If a WMD attempt (that's smooth, too... it doesn't have to be an actual attack, just an "attempt," however that might be defined) happens, Goss gets to say, "Told you it was inevitable." If it doesn't happen, he gets to say, "I only said it may be inevitable, not that it was inevitably inevitable." As Borat would say, Nice!

George Orwell put it best: “The great enemy of clear language is insincerity. When there is a gap between one's real and one's declared aims, one turns, as it were, instinctively to long words and exhausted idioms, like a cuttlefish squirting out ink.”

Ask yourself, why does the government feel compelled to play these verbal games with regard to Iraq?

Sunday, January 14, 2007

War with Iran

Back in April, I asked:

"If both the Iranian mullahs and the Bush administration both believe they'll gain politically from an American attack on Iran, how likely is it that the attack will happen?"

Keep that question in mind when examining the following recent domestic developments:

The US is now pursuing and arresting Iranians in Iraq. As national security adviser Hadley put it, “We intend to deal with [Iran] by interdicting and disrupting activities in Iraq, sponsored by Iran, that are putting our troops and Iraqis at risk."

BTW, I like Cheney's take on the roles of the executive and the legislature: "[Bush is] the guy who's got to decide how to use the force and where to deploy the force. And Congress obviously has to support the effort through the power of the purse. So they've got a role to play, and we certainly recognize that. But you also cannot run a war by committee."

Congress "has to" support the president. Interesting. They taught me different in law school, but that was Cornell, a notoriously liberal institution. Probably I was being subverted.

Question: What happens if the Iranians we pursue inside Iraq fight back?
Answer: We kill some of them. They kill some of us.

Question: What if, after engaging our troops in Iraq, Iranians flee back into Iran?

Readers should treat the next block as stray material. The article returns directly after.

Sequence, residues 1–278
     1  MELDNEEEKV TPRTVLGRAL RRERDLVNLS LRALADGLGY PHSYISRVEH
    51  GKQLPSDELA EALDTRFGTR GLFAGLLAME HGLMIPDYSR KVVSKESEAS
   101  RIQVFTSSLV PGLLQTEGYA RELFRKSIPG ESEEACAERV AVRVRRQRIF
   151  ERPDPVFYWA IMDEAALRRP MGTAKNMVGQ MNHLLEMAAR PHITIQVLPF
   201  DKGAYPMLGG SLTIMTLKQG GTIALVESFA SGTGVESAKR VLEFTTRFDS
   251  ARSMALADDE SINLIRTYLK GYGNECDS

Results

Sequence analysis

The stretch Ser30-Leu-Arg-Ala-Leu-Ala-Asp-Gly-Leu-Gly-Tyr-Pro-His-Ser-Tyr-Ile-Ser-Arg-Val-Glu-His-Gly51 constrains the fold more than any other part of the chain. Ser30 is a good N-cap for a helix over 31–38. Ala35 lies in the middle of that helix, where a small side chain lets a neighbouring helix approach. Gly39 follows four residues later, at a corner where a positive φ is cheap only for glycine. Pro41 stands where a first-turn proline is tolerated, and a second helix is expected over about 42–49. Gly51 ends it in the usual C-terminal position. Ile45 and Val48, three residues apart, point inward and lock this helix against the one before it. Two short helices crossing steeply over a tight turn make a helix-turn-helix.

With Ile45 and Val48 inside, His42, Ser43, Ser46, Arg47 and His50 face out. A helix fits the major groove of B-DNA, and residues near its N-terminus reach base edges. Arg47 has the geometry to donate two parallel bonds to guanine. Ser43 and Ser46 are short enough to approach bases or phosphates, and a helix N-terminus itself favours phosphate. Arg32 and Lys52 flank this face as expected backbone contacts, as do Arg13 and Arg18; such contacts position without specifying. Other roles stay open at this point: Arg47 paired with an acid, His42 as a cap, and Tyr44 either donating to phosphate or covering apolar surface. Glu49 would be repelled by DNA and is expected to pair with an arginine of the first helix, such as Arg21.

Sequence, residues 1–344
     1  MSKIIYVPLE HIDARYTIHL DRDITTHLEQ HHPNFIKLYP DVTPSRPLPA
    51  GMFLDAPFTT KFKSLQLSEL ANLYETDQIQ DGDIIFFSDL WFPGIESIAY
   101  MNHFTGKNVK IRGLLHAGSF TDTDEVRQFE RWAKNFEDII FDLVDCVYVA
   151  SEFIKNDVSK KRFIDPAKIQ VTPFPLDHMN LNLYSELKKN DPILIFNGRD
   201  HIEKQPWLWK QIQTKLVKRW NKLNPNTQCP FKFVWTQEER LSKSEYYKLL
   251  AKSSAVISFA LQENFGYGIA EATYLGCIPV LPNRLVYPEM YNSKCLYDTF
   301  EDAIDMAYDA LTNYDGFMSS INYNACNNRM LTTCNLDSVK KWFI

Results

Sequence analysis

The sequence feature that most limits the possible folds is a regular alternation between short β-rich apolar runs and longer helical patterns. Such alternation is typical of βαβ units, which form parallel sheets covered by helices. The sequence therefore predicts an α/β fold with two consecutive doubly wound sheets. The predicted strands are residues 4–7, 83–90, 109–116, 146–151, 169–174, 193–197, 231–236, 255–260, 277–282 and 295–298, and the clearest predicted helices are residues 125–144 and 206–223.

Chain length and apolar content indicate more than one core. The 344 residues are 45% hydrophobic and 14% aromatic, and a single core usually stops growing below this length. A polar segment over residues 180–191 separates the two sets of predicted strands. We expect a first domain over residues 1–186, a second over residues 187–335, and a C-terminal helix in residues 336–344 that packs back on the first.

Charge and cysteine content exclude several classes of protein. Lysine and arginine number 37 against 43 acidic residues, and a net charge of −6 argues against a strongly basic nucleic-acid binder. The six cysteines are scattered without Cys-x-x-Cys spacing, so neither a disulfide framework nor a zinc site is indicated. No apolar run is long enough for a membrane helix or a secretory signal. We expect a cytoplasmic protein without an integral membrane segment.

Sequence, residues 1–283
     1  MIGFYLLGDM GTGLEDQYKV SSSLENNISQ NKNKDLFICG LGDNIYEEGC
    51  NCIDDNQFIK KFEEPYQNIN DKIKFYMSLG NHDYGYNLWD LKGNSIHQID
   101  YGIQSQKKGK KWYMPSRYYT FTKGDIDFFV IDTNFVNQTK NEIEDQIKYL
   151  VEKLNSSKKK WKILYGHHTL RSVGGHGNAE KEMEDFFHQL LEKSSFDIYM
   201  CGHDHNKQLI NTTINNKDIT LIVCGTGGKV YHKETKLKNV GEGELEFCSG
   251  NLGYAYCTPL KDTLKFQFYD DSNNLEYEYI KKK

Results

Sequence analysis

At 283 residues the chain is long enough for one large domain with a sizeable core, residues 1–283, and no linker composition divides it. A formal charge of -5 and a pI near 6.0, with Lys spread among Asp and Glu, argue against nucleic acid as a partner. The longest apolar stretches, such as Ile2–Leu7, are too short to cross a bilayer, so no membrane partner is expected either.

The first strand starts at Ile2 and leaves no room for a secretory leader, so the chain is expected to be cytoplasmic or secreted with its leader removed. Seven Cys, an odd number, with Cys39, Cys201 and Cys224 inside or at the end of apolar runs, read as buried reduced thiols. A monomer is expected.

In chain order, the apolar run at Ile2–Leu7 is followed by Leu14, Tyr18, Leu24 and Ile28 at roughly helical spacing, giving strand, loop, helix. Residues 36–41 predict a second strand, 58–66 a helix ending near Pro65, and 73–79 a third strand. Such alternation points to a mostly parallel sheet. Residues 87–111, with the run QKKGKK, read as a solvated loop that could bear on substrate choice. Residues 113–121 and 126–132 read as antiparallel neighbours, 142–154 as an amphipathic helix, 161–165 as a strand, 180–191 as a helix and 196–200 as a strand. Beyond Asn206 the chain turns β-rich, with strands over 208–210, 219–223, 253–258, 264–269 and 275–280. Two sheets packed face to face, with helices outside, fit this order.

Answer: We pursue them and kill them there, perhaps with others. They kill or capture some of us.

Question: What happens at that point?
Answer: The administration has the casus belli it needs to attack Iran. We launch air strikes at Iranian nuclear and command and control facilities. Think adding 20,000 troops to the war is "doubling down?" Try war with Iran, instead.

But wait... doesn't congress need to authorize that sort of thing?

Not according to the administration. See the links above. And leaving the Constitutional niceties aside, the advantage of an attack on American troops is that it leaves Americans at home feeling pugnacious enough to go to war without those awkward Congressional hearings. And Congress, sniffing the political wind, can be counted on to play along.

See: Remember the Maine. See also: The Tonkin Gulf incident.

Here's the heart of the matter: If you believe Bush, Cheney, et al are decent, responsible, competent leaders, you'll trust their judgment and their motives on how far to push things with Iran. If you are cynical, you'll suspect that they're maneuvering us into war with Iran -- partly to retard Iran's pursuit of nuclear weapons, partly to distract from and dilute their failure in Iraq. If you're really cynical, you might think many of our recent military maneuvers in the region -- the extra troops, the deployment of a second aircraft carrier and escort ships -- are preparation for a fait accompli attack on Iran.

Imagine this conversation:

Cheney: We really have to do something about those Iranian nukes, Mr. President. It's bad enough Kim Jung Il went nuclear on our watch.

Bush: I agree, I agree... but the country is so disillusioned with war, and, though it's unfair, with our ability to wage it competently. They'll never go for an attack on Iran. Even the recent escalation... I was told I couldn't call it that. We had to package it as just a "surge."

Cheney: I'm not saying it'll be easy. But Ahmadinejad, with the Holocaust denial conference and the rest, plays into our hands. He's the perfect pin-up boy for evil. And we know there are Iranians in Iraq, training the insurgents to make IEDs that can penetrate the armor of an M-1 tank.

Bush: Wow. Are explosive devices that can penetrate an M-1 really still improvised?

Cheney: Never mind that. The point is, the Iranians are meddling in Iraq. If someone complains about our hunting them down, we say the complainers don't support our troops. Eventually, the Iranians shoot back, or we chase them in to Iran in "hot pursuit." Our forces engage Iranian forces on Iranian soil and we take some casualties. The American people will demand that our fallen be avenged and that Iran be punished. With a second carrier in the region, we can immediately launch air strikes against the Bushehr reactor and other nuclear sites. We'll simultaneously stop the Iranian nuclear threat, redeem the whole enterprise in Iraq, and restore our reputations. You'll be remembered not as the man who lost in Iraq, but as the man who prevented the mad mullahs from going nuclear.

Bush: I like it.

"Meddling," by the way, is the administration buzzword on Iranians in Iraq. It's an interesting word. We don't meddle, only other countries do... plus, it invites such wonderful verbal accouterments. For example, if you're a meddler, I feel you deserve to have lackeys. And who doesn't want his own lackey? And meddlers have goatees, which they stroke nefariously... they also occasionally let out a sinister "mwhahahahahah" laugh while contemplating the fruits of their meddling.